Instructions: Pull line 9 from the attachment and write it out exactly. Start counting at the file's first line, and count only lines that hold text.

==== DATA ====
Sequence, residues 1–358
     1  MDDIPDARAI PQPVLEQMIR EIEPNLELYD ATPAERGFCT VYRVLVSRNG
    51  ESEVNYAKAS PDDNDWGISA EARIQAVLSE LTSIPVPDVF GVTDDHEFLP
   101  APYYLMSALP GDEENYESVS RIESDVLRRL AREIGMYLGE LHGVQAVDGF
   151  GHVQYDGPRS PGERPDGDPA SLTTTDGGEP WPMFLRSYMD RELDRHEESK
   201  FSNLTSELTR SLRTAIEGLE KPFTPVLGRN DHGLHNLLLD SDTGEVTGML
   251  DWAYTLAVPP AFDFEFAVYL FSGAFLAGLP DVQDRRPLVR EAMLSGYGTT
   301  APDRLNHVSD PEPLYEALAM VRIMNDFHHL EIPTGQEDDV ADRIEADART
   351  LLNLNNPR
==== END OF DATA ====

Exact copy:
   351  LLNLNNPR